Other resources that can help you get information on safety and health concerns include:
- OTI Education Centers (OTIEC) and other University occupational and environmental health programs. The OTIECs offer the most popular OSHA courses and a variety of safety and health programs including community outreach efforts, Spanish-language courses, and youth initiatives.
- Doctors, nurses, and other health care providers can be a resource on the health effects of toxic substances, proper medical and first aid treatment, and other health-related issues. If you are discussing a health concern with your health care provider, try to provide them with as much information about the chemical or substance as possible. For example, if you are getting headaches at work, try to get the names and SDSs or labels of the chemicals to which you are exposed.
- Public libraries have books, journals and magazines on various safety and health topics, as well as internet access.
- Other local, community-based resources, such as the National Council for Occupational Safety and Health (COSH) and local COSH groups in California, New England, the Northeast, the Midwest and the South, can be a valuable resource. COSH organizations around the U.S. are committed to promoting worker health and safety through training, education, and advocacy.
C. How to File an OSHA Complaint
If you, your co-workers and/or your union representative determine that an OSHA inspection is needed to get workplace hazards corrected, you have several options.
- You can download the complaint form from OSHA’s website, complete it and mail or fax it to OSHA. A written, signed complaint submitted to the OSHA area or State Plan office is most likely to result in an onsite inspection.
- You can file a complaint online. However, most online complaints are handled by OSHA’s phone/fax system, which means they are resolved informally over the phone.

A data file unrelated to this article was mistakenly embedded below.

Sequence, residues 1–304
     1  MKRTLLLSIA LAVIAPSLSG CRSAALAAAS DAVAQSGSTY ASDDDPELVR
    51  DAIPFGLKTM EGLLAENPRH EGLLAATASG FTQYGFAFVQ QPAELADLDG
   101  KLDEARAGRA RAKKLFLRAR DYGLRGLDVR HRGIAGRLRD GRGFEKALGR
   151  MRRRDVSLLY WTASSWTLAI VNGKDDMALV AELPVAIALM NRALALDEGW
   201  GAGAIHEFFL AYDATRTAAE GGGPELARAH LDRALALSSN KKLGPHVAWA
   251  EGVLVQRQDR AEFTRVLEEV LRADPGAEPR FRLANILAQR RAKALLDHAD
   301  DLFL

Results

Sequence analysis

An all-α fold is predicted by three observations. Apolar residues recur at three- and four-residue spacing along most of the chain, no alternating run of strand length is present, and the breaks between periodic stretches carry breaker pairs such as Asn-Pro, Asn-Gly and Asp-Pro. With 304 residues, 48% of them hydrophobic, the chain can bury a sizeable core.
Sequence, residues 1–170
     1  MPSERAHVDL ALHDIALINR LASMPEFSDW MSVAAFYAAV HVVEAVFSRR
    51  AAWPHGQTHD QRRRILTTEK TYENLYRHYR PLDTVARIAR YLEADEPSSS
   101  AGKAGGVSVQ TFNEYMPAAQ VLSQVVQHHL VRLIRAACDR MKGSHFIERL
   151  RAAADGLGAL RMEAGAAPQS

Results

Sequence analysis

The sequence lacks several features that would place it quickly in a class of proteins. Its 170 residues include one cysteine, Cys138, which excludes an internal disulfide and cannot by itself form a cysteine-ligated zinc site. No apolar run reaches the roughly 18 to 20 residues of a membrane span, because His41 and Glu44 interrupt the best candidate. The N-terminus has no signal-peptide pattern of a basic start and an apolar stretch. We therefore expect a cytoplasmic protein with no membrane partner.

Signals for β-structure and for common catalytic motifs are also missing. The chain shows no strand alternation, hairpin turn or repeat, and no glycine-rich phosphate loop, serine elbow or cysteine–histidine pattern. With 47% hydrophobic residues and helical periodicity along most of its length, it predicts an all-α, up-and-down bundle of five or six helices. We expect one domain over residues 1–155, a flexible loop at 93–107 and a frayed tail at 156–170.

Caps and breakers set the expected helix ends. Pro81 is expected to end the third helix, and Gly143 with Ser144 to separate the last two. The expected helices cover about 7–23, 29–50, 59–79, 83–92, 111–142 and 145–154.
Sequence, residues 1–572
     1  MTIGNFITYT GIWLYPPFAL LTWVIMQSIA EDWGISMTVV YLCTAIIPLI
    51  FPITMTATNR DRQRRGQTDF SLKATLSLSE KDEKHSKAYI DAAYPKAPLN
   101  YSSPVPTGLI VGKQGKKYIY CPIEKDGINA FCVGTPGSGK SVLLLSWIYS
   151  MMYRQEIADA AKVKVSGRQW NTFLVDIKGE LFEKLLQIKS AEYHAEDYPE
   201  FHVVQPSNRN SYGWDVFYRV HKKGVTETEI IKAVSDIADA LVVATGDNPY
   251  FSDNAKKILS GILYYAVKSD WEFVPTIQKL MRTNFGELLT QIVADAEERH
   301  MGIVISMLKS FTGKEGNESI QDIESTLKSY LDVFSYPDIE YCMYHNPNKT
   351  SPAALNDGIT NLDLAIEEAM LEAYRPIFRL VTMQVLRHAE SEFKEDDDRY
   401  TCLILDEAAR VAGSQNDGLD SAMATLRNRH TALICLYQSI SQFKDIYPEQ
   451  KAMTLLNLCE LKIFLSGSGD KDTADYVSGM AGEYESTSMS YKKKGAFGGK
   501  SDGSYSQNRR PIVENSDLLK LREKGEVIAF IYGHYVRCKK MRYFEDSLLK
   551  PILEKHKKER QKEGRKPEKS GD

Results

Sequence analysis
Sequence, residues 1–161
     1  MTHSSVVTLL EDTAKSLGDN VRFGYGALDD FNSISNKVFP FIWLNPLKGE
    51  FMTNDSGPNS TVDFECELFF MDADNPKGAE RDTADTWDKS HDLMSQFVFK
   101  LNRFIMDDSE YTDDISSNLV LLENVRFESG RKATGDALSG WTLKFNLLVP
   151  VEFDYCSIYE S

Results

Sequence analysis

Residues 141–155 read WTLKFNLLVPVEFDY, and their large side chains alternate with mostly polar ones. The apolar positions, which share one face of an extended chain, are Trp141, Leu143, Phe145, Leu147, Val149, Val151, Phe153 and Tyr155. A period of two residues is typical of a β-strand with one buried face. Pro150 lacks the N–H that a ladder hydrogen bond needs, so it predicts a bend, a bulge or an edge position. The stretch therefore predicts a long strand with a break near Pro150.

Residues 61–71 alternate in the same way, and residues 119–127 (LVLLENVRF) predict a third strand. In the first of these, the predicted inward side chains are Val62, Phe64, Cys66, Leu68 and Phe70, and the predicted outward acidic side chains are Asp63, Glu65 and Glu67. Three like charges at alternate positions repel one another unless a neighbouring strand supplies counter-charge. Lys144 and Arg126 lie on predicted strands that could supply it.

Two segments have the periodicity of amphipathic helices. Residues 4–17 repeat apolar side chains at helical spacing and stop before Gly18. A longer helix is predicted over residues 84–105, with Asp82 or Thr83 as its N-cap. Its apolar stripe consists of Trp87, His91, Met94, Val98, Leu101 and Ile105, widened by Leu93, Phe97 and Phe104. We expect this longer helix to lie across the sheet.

- You can telephone or visit your local regional or area office to discuss your concerns. After the discussion, OSHA staff can give or send you a complaint form if you wish to file.
- Note that if a hazard is life-threatening, call the Regional or local office or 1-800-321-OSHA immediately.
Completing the complaint form
Highlight the following about the complaint form prior to the Small Group Activity:
- Be specific and include appropriate details: The information on the complaint form may be the only description of the hazard that the inspector will see before the inspection. The inspector will base his or her research and planning on this information.
- Establishment Name, Address, & Type of Business: Be thorough and specific. The inspector’s research on the company and the industry’s hazards will be based on this information.
- Hazard Description/Location: The hazard description is the most important part of the form. Your answer should explain the hazards clearly. If your complaint is about chemicals, identify them whenever possible and attach copies of labels or SDSs if you can. Identify the location so the inspector will know where to look.
- Has this condition been brought to the attention of the employer or another government agency? You should indicate on the form if you have tried to get the employer to fix the hazard before filing the complaint. Also, if another agency, such as a local fire or building department, has been notified of these hazards, OSHA may want to consult with them.
- Do NOT reveal my name: OSHA will keep your name off the complaint, if you wish. Remember that discrimination for health and safety activity is illegal. If you are a union representative, you may wish to have your name on the complaint.
- Signature and address: It is important to sign the complaint if you want OSHA to conduct an onsite inspection. Also, your address will allow OSHA to send copies of inspection related materials to you.